On the phone, Tish Hinojosa is not long on words. But the Texas singer-songwriter, who weaves her tunes from a patchwork of folk, rock, country, swing and Tex-Mex influences and delivers them in a crystal-clear voice, seems to do most of her talking through her low-key and beautiful music. Over the years, Hinojosa has recorded in English and in Spanish and in mixtures of each, made one album of music for children and several for adults, and toured with a trio of Texas songwriters/musicians, among other things. But however she's presented herself, it's always been to high praise. And plenty of folks around Denver will be giving thanks Saturday night when Hinojosa returns to the Swallow Hill Music Hall for a Thanksgiving weekend show that's become something of an annual tradition.
The song's the thing for Tish Hinojosa.
With Mariachi Vasquez, 8 p.m.
Saturday, November 29, Swallow
Hill Music Hall, 71 East Yale
Avenue, $21-$27, 303-777-1003
No big deal, Hinojosa says: She has a sister in Fort Collins to visit on the holiday, and Swallow Hill happens to be along the way. Our gain. The shy troubadour is always a delight, no matter what time of year, and the release this week of a new Christmas CD, From Texas for a Christmas Night, makes her performance here all the more timely. It also keeps things lively for Hinojosa, the kind of musician who's not quick to label herself.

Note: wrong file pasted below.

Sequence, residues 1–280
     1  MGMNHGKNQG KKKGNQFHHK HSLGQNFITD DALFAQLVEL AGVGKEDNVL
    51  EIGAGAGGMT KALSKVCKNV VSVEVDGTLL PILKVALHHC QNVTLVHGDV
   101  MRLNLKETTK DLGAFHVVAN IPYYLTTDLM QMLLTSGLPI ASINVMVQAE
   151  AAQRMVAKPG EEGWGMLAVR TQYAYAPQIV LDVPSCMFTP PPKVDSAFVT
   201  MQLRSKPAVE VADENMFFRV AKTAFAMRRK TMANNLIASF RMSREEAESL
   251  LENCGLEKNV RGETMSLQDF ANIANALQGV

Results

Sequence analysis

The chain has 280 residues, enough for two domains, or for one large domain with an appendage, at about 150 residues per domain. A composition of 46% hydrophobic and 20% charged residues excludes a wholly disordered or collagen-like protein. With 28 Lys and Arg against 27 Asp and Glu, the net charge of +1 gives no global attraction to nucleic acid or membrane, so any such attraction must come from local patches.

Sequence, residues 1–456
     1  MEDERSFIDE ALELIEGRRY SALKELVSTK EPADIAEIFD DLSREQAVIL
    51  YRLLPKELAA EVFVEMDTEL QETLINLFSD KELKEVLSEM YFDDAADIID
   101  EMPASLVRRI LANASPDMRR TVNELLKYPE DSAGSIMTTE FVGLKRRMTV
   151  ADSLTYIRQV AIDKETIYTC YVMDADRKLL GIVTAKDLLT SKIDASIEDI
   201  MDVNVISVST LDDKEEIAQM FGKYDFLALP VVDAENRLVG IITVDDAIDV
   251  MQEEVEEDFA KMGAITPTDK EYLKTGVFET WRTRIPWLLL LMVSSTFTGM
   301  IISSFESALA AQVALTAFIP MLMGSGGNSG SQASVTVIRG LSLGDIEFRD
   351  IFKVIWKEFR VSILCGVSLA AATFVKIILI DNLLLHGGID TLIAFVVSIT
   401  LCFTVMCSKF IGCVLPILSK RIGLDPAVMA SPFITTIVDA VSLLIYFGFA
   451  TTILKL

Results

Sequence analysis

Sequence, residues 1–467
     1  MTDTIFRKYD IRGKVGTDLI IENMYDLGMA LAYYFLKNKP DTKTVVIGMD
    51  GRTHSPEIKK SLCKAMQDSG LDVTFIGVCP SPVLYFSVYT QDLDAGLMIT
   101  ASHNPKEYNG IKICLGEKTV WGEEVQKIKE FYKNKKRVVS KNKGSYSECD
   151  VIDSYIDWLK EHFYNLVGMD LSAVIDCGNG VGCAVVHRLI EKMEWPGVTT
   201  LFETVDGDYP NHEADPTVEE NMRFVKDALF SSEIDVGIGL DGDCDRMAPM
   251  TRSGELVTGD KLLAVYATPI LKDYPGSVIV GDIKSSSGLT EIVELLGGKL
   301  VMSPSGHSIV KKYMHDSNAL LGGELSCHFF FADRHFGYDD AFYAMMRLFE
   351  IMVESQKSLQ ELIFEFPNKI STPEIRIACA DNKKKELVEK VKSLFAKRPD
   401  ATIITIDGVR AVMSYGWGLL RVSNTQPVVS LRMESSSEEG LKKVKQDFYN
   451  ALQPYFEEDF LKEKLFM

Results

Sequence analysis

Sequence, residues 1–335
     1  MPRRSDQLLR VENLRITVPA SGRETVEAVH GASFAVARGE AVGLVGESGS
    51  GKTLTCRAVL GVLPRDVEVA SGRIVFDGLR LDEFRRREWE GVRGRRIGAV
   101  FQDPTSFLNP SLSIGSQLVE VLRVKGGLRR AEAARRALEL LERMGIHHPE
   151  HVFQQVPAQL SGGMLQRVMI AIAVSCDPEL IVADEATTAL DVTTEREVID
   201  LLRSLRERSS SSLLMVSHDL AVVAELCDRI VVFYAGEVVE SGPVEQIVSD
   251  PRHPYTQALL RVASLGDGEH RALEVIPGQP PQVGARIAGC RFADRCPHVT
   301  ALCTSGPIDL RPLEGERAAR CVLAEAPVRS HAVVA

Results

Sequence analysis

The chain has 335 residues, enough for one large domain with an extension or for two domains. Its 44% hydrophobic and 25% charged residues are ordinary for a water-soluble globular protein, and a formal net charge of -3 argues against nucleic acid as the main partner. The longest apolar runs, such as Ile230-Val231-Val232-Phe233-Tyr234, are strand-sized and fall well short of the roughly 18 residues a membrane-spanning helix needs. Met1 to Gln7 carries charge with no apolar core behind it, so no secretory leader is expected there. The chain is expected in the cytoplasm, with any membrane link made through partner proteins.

"I guess I'm pushed down into the roots bin too much, but the Tex-Mex thing is only an element of what I do -- it's not the whole picture," she says of stereotyping by the media. "My first love was pop music and folk, back in the '70s, when I started listening to artists like Bob Dylan, Paul Simon and Neil Young. It was a good time; that whole movement brought forth a generation of people who were writing their own songs. Today artists write their own songs, and the young people who listen to them just take it for granted."
Hinojosa plans to just keep writing songs, too, and let things fall where they may: "The cool thing about music is how one thing influences another and hybrids are created," she notes. "It's a blessing and a curse to have my foot in several different camps, but it makes for an interesting career."